Biobank project of the UT Institute of Genomics attracts the attention of international science media
The Estonian Genome Centre, a part of the Institute of Genomics of the University of Tartu, launched this year an unexpectedly popular project to find 100,000 gene donors in Estonia. The biobank project has enjoyed enormous success at home, but now it has caught the eye of a prominent UK science magazine New Scientist.
New Scientist, published in London since 1956 and with branches in the USA and Australia, is a magazine that makes science accessible to the wider audience. It has 3 million readers every week, giving the Estonian Genome Centre’s success story a whole new global dimension.
“It is a national initiative carried out under the aegis of the Estonian Ministry of Social Affairs. It is a significant step. In addition, I must praise the National Institute for Health Development that has also contributed to the promotion of public health. People have been extremely interested in the project: around 30,000 people have given their digital signature to become a gene donor,” said Director of the UT Institute of Genomics Andres Metspalu with considerable satisfaction.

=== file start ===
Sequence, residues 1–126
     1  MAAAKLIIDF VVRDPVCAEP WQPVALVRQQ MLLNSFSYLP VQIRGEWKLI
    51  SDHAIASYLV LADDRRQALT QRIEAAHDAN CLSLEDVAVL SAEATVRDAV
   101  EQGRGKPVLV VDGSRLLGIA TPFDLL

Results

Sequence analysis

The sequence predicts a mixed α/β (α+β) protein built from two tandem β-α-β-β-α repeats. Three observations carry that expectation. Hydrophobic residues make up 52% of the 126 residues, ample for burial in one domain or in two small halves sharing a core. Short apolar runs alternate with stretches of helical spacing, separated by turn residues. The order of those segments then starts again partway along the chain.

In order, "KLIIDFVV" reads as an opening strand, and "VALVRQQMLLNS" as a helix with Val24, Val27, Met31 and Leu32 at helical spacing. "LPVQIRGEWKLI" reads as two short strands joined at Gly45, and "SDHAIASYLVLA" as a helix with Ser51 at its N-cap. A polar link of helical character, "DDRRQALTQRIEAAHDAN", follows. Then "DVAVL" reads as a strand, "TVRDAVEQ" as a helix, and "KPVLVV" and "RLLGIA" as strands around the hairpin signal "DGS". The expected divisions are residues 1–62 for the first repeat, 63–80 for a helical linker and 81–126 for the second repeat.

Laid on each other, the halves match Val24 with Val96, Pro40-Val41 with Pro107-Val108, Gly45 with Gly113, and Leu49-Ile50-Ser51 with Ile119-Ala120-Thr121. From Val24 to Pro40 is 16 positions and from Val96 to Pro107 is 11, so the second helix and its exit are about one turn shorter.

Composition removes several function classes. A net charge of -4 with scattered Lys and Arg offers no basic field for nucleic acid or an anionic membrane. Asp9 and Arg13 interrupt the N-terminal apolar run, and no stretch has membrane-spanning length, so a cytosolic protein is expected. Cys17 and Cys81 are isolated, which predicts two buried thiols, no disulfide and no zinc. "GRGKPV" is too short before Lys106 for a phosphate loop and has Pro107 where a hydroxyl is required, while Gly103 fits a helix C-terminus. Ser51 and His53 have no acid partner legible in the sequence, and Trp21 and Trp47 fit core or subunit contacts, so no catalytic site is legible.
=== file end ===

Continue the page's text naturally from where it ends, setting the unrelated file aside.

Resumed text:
The biobank project of the Estonian Genome Centre forms a part of the celebrations on the 100th anniversary of the Republic of Estonia. The leaders of the project wish to reach the level of 152,000 gene donors by the end of 2018. Every participant will get a personalised genetic report which can be used to ascertain the risk of diseases and suitable medications. In the coming years it is planned to integrate the genetic data of the Estonian Genome Centre with everyday healthcare, so that in the longer perspective the biobank will lend considerable impetus to the development of personalised medicine in Estonia.
Additional information: Annely Allik, Manager of Communication, Estonian Genome Centre, 502 9970, annely.allik [ät] ut.ee